National Geographic April 1900
The Anglo- Venezuelan Boundary Dispute
The boundary dispute between Great Britain and Venezuela continued unabated for nearly 60 years, until President Cleveland forcefully involved the United States as arbiter.
The Isthmian Canal Commission
The commission has 300 surveyors and engineers in the field conducting the most thorough survey to date of possible routes for an isthmian canal.
Where Exploration Is Needed
Daily newspapers have published some startling geographic statements, including one man’s claim to have lived at the North Pole among a wild tribe of people who speak an unknown language and write in hieroglyphics.
Work in the Arctic and Antarctic
The author discusses the season’s polar expeditions, including Peary’s recently started dash for the North Pole.
An Assumed Inconstancy in the Level of Lake Nicaragua; A Question of Permanency of the Nicaragua Canal
Inconstancy in the level of Lake Nicaragua would threaten the Nicaragua Canal project. The author maintains, however, that the level of Lake Nicaragua has remained constant.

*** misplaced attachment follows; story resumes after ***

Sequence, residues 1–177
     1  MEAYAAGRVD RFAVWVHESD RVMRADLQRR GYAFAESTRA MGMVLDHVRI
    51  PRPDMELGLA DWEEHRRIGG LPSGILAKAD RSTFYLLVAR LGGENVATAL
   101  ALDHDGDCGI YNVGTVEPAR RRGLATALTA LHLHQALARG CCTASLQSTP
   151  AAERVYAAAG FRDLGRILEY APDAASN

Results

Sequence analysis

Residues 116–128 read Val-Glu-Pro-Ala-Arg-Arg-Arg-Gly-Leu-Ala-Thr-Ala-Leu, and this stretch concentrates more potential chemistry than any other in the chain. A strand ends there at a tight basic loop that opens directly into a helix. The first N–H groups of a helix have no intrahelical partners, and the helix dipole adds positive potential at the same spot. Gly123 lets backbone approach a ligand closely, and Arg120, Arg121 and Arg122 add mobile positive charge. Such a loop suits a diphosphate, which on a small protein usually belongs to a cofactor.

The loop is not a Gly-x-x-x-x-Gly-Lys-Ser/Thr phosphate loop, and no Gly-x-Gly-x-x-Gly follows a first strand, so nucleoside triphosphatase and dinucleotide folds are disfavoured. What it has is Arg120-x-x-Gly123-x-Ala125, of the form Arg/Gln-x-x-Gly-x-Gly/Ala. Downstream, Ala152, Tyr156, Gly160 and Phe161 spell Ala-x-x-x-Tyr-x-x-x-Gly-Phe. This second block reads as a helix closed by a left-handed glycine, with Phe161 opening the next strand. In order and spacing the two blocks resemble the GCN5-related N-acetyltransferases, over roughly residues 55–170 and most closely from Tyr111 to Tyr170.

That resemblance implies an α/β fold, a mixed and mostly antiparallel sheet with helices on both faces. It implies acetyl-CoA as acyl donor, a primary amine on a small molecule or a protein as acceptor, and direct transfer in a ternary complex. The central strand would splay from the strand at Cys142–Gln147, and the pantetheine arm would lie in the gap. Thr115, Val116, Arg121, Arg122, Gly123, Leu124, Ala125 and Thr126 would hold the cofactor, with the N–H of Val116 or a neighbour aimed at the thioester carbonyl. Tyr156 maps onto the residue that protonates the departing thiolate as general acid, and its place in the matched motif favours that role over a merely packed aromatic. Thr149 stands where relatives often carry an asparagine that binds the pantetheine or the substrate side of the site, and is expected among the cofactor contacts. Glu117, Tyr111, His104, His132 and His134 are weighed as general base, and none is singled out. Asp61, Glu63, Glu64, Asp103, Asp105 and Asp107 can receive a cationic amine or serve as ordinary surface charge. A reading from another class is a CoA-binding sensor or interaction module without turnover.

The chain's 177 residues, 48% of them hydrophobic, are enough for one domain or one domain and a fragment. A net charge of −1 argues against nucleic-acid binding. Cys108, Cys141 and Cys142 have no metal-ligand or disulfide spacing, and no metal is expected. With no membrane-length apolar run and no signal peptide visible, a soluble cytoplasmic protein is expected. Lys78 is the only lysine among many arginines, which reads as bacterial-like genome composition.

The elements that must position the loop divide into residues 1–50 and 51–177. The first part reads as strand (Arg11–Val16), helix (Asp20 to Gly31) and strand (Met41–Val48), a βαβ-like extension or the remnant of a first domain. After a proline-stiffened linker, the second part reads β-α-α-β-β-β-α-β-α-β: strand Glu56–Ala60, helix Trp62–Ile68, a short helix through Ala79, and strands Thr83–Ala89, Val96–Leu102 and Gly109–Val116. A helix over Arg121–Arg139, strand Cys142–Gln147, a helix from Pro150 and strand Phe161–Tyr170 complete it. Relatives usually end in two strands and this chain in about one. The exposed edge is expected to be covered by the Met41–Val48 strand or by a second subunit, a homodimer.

Railway Construction and Improvements
The year’s highlights in railway construction and improvements are noted, including the Pennsylvania Company’s four- track road over the Alleghenies.
Korea- -The Hermit Nation
Only 20 years have passed since Korea opened her doors to the West, and the author finds the country a part of the world which is uncontaminated by the customs of western civilization.
The U. S. Coast and Geodetic Survey charts and maps the Chesapeake Bay, Puerto Rico, San Francisco, Seattle, and the Hawaiian Islands. The survey’s work is essential to the improvement of communication and commerce by sea.
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